The panel rejects Soft Gel’s first argument, noting that the IARC and Fenaroli references together show that lemon oil consists of approximately 88 to 90 percent d-limonene by weight. Soft Gel’s “teaching away” argument is also thrown out because, according to the panel, Khan merely notes the difficulty of dissolving CoQ10 in many solvents other than essential oils such as lemon oil. Kahn goes on to teach the use of essential oils to make CoQ10 more available to the body, which is precisely what is claimed in Soft Gel’s patents. Therefore, Kahn clearly does not teach away from the use of lemon oils.

Soft Gel further contends that a person of ordinary skill in the art would not have had a reasonable expectation of success in combining the references to use d-limonene in Motoyama’s invention. Soft Gel points out that Motoyama, Nazzal, and Khan do not expressly mention d-limonene. But Soft Gel ignores the finding that the main constituent of lemon oil, as used in Nazzal and Khan, is d-limonene. Moreover, after describing the same formulation that is disclosed in Khan, Nazzal recommends further study of the nature of the interaction that exists between CoQ10 and essential oils and, more specifically, the “chemical components of essential oils, such as limonene, menthone, and carvone.” Those recommendations for future research show that a person of skill in the art would have recognized—and at least Nazzal did recognize—that the monoterpenes limonene and carvone are of interest in the essential oil-CoQ10 mixtures.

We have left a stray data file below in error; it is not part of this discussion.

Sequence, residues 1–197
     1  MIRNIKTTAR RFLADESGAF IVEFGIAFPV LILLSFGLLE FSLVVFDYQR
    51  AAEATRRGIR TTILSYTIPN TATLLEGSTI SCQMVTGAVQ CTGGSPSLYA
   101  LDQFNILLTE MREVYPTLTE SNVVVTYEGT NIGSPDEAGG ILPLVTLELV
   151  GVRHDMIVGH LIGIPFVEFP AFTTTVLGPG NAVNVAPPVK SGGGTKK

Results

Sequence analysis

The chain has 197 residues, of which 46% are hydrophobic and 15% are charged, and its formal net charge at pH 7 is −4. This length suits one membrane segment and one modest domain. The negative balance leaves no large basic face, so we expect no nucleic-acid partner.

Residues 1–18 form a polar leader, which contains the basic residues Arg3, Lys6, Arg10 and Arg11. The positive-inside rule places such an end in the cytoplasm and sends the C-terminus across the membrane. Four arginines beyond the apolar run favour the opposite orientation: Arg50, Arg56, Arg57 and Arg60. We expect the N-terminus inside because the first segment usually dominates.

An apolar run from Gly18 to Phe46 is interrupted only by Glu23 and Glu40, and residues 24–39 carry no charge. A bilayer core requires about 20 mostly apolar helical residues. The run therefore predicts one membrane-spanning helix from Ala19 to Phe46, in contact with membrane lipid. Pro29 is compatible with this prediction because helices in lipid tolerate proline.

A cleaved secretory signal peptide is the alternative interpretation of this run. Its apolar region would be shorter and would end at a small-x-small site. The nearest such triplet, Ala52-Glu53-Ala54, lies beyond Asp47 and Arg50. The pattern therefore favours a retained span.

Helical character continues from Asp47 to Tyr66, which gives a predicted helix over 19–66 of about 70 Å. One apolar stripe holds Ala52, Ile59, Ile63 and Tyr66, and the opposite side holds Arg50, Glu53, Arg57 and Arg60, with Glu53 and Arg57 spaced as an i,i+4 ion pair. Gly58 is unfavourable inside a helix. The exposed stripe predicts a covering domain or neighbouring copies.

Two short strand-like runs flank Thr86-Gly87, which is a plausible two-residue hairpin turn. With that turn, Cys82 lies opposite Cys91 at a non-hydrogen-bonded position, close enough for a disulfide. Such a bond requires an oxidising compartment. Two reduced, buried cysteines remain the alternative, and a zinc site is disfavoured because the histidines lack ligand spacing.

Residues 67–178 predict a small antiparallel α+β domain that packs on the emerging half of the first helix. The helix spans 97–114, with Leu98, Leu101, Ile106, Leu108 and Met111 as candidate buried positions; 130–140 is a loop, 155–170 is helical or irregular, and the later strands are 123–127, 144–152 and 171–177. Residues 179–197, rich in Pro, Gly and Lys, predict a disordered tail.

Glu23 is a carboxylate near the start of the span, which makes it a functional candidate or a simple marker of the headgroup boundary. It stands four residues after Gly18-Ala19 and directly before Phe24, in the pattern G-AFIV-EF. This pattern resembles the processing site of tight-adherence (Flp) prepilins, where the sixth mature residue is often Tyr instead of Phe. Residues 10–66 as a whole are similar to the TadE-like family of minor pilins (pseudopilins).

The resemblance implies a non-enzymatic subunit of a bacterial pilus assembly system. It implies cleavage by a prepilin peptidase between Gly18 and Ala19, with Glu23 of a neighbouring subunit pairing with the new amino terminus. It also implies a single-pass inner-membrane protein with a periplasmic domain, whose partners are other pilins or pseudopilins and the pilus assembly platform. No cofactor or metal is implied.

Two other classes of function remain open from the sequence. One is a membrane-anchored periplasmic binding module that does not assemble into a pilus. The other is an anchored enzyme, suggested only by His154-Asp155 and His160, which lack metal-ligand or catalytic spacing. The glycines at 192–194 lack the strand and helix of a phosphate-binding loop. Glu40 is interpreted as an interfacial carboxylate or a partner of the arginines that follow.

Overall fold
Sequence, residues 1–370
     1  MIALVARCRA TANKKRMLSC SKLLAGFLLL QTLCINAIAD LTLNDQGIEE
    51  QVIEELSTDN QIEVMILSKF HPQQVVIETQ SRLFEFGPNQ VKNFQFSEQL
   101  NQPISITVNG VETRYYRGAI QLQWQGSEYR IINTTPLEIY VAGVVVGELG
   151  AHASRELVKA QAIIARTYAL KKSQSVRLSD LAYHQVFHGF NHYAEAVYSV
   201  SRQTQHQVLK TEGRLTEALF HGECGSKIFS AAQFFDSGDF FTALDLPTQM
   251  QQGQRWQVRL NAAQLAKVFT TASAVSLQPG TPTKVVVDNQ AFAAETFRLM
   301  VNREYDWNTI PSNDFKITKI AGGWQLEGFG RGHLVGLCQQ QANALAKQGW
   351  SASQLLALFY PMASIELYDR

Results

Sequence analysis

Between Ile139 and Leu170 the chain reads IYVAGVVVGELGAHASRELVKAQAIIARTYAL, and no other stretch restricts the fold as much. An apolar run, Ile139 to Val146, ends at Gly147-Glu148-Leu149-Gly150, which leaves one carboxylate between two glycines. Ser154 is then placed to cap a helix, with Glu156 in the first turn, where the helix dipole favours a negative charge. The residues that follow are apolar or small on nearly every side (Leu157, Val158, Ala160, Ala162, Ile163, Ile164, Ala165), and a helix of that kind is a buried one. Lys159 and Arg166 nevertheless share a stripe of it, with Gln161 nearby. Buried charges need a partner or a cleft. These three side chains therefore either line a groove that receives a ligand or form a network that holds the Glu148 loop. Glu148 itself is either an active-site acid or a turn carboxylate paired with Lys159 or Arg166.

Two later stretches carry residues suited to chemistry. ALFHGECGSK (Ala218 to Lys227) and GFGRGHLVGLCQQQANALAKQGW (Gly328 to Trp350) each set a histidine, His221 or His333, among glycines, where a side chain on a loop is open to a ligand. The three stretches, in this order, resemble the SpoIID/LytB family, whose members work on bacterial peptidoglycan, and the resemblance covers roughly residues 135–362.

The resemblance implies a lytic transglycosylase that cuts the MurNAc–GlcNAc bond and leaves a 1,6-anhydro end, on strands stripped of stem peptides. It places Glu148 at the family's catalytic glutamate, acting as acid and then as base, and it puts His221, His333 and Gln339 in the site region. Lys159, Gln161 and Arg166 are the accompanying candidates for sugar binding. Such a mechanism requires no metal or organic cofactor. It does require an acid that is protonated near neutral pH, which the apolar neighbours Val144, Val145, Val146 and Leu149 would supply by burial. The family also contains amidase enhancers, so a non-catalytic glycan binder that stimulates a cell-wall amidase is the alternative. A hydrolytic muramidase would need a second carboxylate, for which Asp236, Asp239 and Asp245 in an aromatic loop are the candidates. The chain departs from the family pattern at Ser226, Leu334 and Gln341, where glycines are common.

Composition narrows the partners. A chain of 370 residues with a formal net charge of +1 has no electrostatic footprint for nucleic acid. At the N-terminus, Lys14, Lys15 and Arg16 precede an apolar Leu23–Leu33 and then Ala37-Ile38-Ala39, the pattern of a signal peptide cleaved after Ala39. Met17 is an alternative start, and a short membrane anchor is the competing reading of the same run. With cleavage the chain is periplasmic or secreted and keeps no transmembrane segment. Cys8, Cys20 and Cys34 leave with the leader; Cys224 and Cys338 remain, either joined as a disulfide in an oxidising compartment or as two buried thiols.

Finally, according to Soft Gel, the reason Dr. Khan conducted follow up research was because it must not have been obvious that the lemon oil results in his earlier experiments were attributable to d-limonene. In making that argument, Soft Gel applies an incorrect legal standard for obviousness, requiring “absolute predictability” rather than “a reasonable expectation of success.” Dr. Khan may have had just that expectation in conducting his subsequent research, in which he investigated whether d-limonene was responsible for the lemon oil-CoQ10 results. As the Board correctly noted, simply because Dr. Khan later undertook a study to evaluate limonenes in a particular drug delivery system does not mean that it would not have been obvious that limonenes would have worked to some extent. Follow up studies are frequently conducted to confirm what is suspected to be true.